Trade food waste collection case studies


Courtesy of Ecosack

In the continuing effort to separate food waste from the landfill stream, councils are looking to the viability of collecting trade food waste

Carmarthenshire Council is among the most proactive of councils looking at tackling this problem. Using Ecosack 25L Paper Sacks for food waste they are successfully collecting a large volume from local businesses.

Karen McNeill, Waste and Recycling Manager for Carmarthenshire Council says that the reason they chose to collect the waste in paper sacks is to reduce contamination. The emphasis is on the collection crews to ensure that the correct liner is used and, with paper there can be no confusion between biodegradable and degradable or non-degradable plastics. Only a quick glance in the bin identifies the paper liner.

Furthermore it ties in with their policy for domestic food waste collections which also specifies only paper liners. The waste is currently sent to an IVC facility but the council can be confident that even if an alternative AD plant is used, the paper is 100% compostable and biodegradable without the doubts regarding the degradability of cornstarch in the Anaerobic Digestion process.

Morgans Traditional Chippy

Carmarthen Mr. Morgan runs a 320-seat Fish & Chip Restaurant in the center of Carmarthen. He admits that, while he is of course very environmentally aware, he must look on waste segregation as a business decision. Therefore it must not only be easy and convenient to use but it must also save him money. He thinks the system using Ecosack paper sacks is extremely good.

The council is currently collecting 12 full 25L paper sacks in a 140L wheelie bin each week from the shop thereby diverting about 560 kg of food waste from landfi ll every month.

The Emlyn Arms Hotel, Newcastle Emlyn

Ian Jones is the Head Chef at the 300 years old former Coaching Inn nestled in the Teify Valley in West Wales. He is responsible for the 50-seat restaurant and 200 seat Function Room. Ian agrees that simplicity and convenience is key when getting kitchen staff to routinely segregate waste. At the moment the hotel is being renovated so they have a reduced occupancy but they still fi ll 3 of Ecosack’s 25L paper sacks with food waste every day.

Therefore, even in this well managed kitchen where food waste is kept to a minimum, the council are still able to divert more than half a ton of food waste from landfill every month.

Peniel Primary School, Carmarthen

Peniel School is a primary school with 120 pupils, which is very proud of its green credentials and proactively encourages the children to care for the environment. All of the food waste is separated including leftovers from the children’s plates.

The kitchen staff were proud of their success in separating food waste and say it is made even easier by the introduction of Ecosack’s 25L paper sacks. The cook says that they are far more user friendly than any form of plastic that they have had in the past.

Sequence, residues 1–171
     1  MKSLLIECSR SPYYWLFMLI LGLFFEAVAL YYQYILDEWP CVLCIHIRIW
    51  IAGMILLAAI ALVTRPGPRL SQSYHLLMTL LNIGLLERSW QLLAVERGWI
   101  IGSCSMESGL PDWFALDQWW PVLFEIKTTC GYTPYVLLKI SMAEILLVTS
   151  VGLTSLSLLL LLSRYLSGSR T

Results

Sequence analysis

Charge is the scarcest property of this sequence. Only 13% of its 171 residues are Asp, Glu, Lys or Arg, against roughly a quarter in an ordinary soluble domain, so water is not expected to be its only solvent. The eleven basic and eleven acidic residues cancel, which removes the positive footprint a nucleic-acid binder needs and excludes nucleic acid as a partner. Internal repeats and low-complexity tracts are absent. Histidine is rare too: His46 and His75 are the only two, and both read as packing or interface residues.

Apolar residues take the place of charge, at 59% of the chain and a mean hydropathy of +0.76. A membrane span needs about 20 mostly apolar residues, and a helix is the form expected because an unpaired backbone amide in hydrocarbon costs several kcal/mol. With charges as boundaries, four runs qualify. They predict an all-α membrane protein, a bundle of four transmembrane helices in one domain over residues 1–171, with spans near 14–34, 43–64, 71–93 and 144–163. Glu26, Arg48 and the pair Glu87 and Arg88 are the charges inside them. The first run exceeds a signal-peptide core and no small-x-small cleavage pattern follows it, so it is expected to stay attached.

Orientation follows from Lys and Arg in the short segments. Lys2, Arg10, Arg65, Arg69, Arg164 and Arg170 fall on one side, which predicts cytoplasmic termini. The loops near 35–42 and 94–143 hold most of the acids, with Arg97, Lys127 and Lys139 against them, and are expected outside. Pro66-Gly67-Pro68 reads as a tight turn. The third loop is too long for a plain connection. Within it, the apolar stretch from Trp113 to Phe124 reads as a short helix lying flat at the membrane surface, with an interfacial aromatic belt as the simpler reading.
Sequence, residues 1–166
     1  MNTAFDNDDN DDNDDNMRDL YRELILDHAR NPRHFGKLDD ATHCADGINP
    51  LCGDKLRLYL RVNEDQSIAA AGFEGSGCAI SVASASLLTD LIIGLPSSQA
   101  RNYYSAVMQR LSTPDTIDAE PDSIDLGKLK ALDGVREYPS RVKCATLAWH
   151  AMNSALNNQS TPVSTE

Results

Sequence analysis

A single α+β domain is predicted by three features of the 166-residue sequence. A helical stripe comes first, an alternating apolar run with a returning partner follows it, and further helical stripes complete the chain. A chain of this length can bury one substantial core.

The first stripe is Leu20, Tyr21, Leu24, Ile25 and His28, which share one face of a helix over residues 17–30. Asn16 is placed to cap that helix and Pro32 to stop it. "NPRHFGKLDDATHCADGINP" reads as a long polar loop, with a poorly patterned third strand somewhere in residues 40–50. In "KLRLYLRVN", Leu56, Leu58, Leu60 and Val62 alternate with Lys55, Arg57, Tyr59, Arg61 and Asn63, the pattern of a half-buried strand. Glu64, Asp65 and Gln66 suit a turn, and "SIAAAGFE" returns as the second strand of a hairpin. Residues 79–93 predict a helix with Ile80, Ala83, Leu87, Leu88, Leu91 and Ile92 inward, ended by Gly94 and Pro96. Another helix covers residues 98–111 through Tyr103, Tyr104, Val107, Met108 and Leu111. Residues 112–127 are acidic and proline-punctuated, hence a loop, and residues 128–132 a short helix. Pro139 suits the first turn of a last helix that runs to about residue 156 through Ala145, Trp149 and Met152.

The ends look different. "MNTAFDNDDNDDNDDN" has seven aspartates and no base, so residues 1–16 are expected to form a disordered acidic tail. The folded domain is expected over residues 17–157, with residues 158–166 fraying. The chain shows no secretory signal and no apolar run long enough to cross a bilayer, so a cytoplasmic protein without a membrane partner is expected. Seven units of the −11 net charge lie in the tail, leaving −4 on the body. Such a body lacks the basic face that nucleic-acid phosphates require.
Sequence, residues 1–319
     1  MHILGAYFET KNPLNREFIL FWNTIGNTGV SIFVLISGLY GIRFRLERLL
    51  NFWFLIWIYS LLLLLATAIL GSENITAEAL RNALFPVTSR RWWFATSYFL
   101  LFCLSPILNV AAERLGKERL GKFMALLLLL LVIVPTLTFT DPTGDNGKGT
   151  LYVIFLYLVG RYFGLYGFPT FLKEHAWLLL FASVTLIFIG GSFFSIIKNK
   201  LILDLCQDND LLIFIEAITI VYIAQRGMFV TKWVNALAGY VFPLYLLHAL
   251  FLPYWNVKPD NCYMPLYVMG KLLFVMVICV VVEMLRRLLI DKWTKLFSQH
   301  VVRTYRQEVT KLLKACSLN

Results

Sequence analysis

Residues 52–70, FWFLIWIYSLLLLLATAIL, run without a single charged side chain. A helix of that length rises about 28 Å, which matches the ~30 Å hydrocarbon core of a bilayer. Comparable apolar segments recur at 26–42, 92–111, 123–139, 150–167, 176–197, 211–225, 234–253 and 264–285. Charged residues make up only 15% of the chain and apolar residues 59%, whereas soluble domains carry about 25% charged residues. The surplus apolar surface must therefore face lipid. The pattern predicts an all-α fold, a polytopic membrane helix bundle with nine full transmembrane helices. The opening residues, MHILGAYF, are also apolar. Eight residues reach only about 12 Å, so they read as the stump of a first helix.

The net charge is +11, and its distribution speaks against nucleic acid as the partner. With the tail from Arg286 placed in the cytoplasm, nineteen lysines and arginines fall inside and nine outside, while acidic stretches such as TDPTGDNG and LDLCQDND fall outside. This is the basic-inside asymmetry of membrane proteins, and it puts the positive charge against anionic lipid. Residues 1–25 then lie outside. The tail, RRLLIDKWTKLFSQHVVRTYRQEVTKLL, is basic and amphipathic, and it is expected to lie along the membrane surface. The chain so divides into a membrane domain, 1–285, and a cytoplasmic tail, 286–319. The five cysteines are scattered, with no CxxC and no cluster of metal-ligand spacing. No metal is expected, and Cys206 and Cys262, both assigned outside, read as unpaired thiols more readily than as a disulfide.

The construction of the paper sack means it is free standing so no caddies are necessary and the children are able to clearly see that the waste is being collected in a natural product. The teaching staff says that this encourages them to ask questions of the way their food waste is dealt with at home. Handling of food waste in the kitchen becomes easier when the paper sacks can be used with, or without a caddy. Kitchen staff at Peniel School said the paper sacks are far more user friendly and easier to handle than any type of plastic sacks.
2 plies of wet strength paper mean that even the wettest of food waste can be cleanly and effi ciently collected. Furthermore, the natural breathability of paper means that the food waste will actually begin drying out inside the bag.

Carmarthenshire County Council collects food waste from 72 traders and schools throughout the county. They currently provide Ecosack 25 L Paper Sacks free of charge and hope to continue this if uptake continues to increase. Food waste is collected weekly in a 140 L wheelie bin and they are currently diverting 10 to 12 tonnes from landfi ll every month, which is processed through IVC to create compost.

Paper sacks gives benefits for all

  • Schools and business: With the removal of food waste the residual waste is lessened requiring fewer collections and therefore less cost. The cycle of well managed paper from sustainable tree planting to compost is easily understood by children in schools without the concern of food crops being used for non food production.
  • The Environment: The food waste is recycled to create compost, or can be utilized to create energy.
  • The Council: By diverting food waste from landfill the council saves on cost per ton to landfill.

Why paper sacks

  • Paper is from a renewable resource – trees – and doesn’t depend on any crops which could otherwise be used for food
  • All paper used is from cultivated forests which absorb carbon dioxide and give off oxygen - this is not achieved in the manufacture of any alternative sack
  • All paper used is from a fully approved Forestry Stewardship
  • The paper we use is made from tree flakes from parts of the tree that would otherwise be wasted and from process waste from the timber industry
  • Both paper and sacks are environmentally certified to EN13432

Our thanks to Carmarthenshire Council for their valued assistance in producing this study. Also thanks to Morgans Traditional Chippy, Carmarthen; The Emlyn Arms Hotel, Newcastle Emlyn, and to Peniel School, Carmarthen.

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